The fashion and high-end industries represent European cultural heritage and expertise. With 5 million people directly employed in the fashion value chain and over 1 million people employed in the high-end industries, these activities provide an important contribution to the EU economy.
The fashion and high-end industries are one of the most vibrant and creative sectors in Europe. They are present in the everyday life of millions of people and act as ambassadors of European values, such as culture, creativity, innovation, and craftsmanship.
These industries form complex and interlinked value chains from the design and manufacturing of fashion goods (such as textiles, clothing, footwear, leather, fur products, jewellery, and accessories) and high-end goods, to their distribution and retail.
Despite the economic crisis, many European companies in the sector have managed to defend their position in the global market. This is mainly due to a move towards innovative, high added-value products and services, niche markets, and new business models.
The high-end sector grew faster than the rest of the European economy during the crisis, recording double digit growth in 2010 and 2011. High-end industries alone employ over 1 million people, export over 60% of their production outside Europe, and account for 10% of all EU exports.
Bolstering the long-term competitiveness of these industries is part of the broader Commission strategy for the re-industrialisation of Europe. This strategy seeks to increase the proportion of GDP generated by manufacturing to 20% by 2020.
However, the fashion and high-end sectors face several challenges, including the increased prevalence of counterfeit goods, increasing shortages of skilled workers, and difficulties for fashion small and medium-sized enterprises (SMEs) to access finance. Due to pressures for change arising from trade liberalisation, increasing external competition, consumer developments, technological advances, changes in production costs and environmental issues, these industries must continuously reinvent their business models.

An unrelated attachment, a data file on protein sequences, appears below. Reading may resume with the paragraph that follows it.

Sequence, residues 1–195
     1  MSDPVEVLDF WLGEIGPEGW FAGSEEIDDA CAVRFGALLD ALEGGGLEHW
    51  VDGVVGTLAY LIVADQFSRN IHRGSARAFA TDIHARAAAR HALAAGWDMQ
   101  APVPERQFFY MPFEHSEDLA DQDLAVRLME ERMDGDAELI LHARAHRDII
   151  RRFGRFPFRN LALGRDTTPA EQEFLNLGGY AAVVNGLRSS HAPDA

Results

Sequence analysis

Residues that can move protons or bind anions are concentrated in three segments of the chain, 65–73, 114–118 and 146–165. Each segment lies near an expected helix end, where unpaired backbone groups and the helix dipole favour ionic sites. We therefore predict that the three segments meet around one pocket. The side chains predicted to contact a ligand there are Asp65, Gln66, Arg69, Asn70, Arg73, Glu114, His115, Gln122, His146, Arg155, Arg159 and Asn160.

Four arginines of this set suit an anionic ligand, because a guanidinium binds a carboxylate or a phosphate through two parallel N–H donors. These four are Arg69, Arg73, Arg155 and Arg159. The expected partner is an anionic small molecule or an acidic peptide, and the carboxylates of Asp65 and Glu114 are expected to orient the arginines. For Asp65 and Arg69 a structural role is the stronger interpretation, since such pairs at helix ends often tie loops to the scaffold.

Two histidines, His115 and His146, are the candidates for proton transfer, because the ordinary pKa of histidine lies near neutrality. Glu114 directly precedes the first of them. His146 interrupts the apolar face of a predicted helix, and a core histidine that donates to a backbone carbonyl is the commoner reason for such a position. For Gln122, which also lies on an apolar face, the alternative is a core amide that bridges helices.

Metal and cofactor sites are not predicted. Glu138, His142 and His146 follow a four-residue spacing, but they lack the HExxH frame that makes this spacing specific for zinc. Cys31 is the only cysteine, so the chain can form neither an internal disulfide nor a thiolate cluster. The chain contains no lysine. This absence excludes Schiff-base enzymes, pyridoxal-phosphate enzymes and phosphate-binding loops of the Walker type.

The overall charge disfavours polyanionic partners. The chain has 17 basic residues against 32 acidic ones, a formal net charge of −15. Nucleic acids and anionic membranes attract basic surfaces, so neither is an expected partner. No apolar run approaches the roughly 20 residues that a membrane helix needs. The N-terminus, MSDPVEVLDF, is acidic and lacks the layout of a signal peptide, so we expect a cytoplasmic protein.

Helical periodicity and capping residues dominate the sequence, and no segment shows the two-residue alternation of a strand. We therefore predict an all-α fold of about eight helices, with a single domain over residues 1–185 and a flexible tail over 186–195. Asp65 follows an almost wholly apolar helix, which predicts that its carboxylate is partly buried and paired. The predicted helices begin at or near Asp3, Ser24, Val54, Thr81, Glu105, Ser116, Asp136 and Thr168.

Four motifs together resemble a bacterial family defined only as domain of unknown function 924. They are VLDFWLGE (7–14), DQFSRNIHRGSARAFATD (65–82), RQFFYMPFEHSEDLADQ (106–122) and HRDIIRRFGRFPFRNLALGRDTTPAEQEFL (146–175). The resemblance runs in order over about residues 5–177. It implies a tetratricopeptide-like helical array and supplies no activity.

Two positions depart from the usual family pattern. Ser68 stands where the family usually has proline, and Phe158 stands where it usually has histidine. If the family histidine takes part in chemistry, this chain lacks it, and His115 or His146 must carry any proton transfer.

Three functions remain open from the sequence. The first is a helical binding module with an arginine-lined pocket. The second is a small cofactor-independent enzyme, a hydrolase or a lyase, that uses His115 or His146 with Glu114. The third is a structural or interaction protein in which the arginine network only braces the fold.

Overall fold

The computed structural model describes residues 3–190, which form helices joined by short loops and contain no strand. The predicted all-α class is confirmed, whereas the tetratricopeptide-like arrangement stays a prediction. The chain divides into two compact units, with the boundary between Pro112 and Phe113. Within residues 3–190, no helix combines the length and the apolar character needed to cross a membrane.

The Commission is working on initiatives to strengthen their competitiveness.
The fashion industry can play a major role in reaching the Paris agreements' goal of climate neutrality by 2050. With this in mind, we commissioned a report to map the current initiatives and key organisations in sustainable fashion and textiles across Europe. The report also gives an overview of opportunities and challenges related to adopting environmentally and economically sustainable business models in the fashion sector.
Fashion companies are most often micro-enterprises with less than 10 employees. The highest concentration of fashion manufacturing activities can be found in Italy, other southern EU countries (Spain, Greece, Portugal), as well as newer EU countries (Poland, Romania, Bulgaria, Hungary).
The countries with largest number of fashion distribution and retail companies are Italy, France, Poland, Germany, and the United Kingdom.
Although the EU’s traditional export markets remain Switzerland, the USA, and Japan, emerging economies have also become important outlets for fashion and high-end products. An increase in exports has partially compensated for declining consumption in Europe.
European savoir-faire and craftsmanship have a worldwide reputation, and 62% of all goods manufactured by European high-end brands are sold outside Europe. For personal high-end goods (fashion, accessories, jewellery and watches, leather goods, perfumes, and cosmetics) European products represent 74% of the global value of all products in this category. The value of European high-end exports is estimated at EUR 260 billion – about 10% of all EU exports.
While new markets in emerging economies offer opportunities for growth, existing trade and investment barriers in many countries continue to be an obstacle for European products. Ensuring a level-playing field in international trade is a priority for the Commission.